A new poll is giving Nova Scotia's government a failing grade in its handling of public education.

The survey -- commissioned by the Nova Scotia Teacher's Union -- says the majority of Nova Scotians feel imposing a contract on teachers and eliminating elected school boards were bad moves.

It's been nearly a year since the Nova Scotia government voted to dissolve elected school boards and almost two years since they imposed a new contract on teachers -- amid much controversy.

Now, with 2018 nearly over, this poll is a report card of sorts for the McNeil Liberals.

The grades aren’t good and indicates a majority Nova Scotians think these, and other changes, were the wrong moves.

“I’m not at all surprised,” said Sydney parent Lisa Bond. “Stephen McNeil didn't ask anybody what kind of changes we needed in our education system. He went by studies. More paid studies -- wasted money -- when he could just speak to us.”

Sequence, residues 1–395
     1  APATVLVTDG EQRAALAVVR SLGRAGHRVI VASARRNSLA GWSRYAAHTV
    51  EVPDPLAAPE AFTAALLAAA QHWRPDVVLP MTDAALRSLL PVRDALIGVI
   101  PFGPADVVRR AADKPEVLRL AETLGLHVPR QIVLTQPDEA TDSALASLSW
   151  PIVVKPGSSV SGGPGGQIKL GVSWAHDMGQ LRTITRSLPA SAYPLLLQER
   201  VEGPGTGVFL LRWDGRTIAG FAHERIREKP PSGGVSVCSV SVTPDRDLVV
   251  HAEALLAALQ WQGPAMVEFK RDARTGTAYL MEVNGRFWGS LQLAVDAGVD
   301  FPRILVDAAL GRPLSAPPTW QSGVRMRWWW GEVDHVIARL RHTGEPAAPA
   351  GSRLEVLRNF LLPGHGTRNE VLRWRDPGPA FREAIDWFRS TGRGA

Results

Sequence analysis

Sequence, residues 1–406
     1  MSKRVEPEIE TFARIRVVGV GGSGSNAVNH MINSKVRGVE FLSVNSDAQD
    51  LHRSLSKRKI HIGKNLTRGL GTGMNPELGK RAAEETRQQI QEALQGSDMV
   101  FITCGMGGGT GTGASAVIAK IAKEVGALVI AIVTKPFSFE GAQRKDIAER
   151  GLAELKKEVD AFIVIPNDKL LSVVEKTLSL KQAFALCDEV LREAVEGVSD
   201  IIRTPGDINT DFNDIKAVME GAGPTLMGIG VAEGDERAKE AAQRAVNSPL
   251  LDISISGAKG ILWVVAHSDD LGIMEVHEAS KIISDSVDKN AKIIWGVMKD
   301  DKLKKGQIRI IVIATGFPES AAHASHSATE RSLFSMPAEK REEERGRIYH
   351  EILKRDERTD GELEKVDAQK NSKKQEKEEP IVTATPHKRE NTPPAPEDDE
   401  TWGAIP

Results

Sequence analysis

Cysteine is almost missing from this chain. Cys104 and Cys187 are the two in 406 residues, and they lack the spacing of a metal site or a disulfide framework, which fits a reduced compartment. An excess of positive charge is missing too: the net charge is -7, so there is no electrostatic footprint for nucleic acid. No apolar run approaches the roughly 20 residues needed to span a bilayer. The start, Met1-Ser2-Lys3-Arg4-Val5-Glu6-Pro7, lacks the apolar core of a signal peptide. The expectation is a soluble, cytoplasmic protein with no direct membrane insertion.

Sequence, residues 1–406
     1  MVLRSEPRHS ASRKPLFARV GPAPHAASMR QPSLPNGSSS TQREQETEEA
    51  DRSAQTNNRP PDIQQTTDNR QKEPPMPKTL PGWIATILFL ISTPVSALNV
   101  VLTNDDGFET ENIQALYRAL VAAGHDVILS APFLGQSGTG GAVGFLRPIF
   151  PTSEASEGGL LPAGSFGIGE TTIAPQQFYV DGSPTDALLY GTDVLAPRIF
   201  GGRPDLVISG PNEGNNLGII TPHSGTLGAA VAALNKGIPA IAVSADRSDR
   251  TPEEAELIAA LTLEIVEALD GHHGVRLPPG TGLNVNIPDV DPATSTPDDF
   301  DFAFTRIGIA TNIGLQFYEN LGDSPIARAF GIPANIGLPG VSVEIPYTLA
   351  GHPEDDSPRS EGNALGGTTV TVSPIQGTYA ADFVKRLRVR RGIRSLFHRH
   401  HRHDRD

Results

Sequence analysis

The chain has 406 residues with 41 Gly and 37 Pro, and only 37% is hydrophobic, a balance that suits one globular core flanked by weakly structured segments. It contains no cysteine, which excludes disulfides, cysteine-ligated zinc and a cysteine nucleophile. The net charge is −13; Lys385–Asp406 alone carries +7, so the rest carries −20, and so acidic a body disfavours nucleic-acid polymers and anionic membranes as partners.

The poll finds nearly sixty per cent of Nova Scotians surveyed feel the McNeil government's actions have had a negative impact on the quality of public education.

Only one in four view the changes as positive.

Education Minister Zach Churchill responded Thursday by saying the changes haven’t had enough time to take effect and that the old way of doing things just wasn't working.

“We had three independent reports that indicated that the former governance model was a contributing factor to our student achievement levels and well-being levels being so different from region to region,” Churchill said.

Bond says losing local school boards in Cape Breton has been the biggest blow.

“It’s going to turn into the exact same situation we have with health care,” Bond said. “If we don't have local boards, we have no local decisions. Everything comes down from Halifax.”

The poll also shows that 83 per cent of Nova Scotians have a favourable opinion of public school teachers, but that only 17 per cent feel the McNeil government is doing a good or excellent job of managing the public school system.

“We have now the highest teacher-to-student ratio in our province's history,” Churchill said. “We have the most non-teaching supports in place that we've ever had for behaviour, for mental health, for speech pathology and psychology issues.  So, we're getting there.”

With files from CTV Atlantic’s Ryan MacDonald.